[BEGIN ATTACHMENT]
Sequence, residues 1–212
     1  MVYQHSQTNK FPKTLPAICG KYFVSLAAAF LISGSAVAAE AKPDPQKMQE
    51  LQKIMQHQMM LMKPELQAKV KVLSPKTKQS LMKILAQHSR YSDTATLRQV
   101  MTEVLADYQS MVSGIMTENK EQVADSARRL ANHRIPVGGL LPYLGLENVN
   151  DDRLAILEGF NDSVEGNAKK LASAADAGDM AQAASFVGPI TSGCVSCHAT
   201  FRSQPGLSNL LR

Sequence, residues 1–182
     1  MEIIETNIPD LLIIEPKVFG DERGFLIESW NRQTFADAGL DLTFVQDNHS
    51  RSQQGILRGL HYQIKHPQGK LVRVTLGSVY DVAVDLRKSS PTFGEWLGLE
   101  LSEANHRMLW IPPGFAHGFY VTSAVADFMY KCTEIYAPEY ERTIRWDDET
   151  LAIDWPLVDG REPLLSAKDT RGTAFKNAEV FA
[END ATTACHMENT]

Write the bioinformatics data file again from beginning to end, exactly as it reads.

Sequence, residues 1–212
     1  MVYQHSQTNK FPKTLPAICG KYFVSLAAAF LISGSAVAAE AKPDPQKMQE
    51  LQKIMQHQMM LMKPELQAKV KVLSPKTKQS LMKILAQHSR YSDTATLRQV
   101  MTEVLADYQS MVSGIMTENK EQVADSARRL ANHRIPVGGL LPYLGLENVN
   151  DDRLAILEGF NDSVEGNAKK LASAADAGDM AQAASFVGPI TSGCVSCHAT
   201  FRSQPGLSNL LR

Sequence, residues 1–182
     1  MEIIETNIPD LLIIEPKVFG DERGFLIESW NRQTFADAGL DLTFVQDNHS
    51  RSQQGILRGL HYQIKHPQGK LVRVTLGSVY DVAVDLRKSS PTFGEWLGLE
   101  LSEANHRMLW IPPGFAHGFY VTSAVADFMY KCTEIYAPEY ERTIRWDDET
   151  LAIDWPLVDG REPLLSAKDT RGTAFKNAEV FA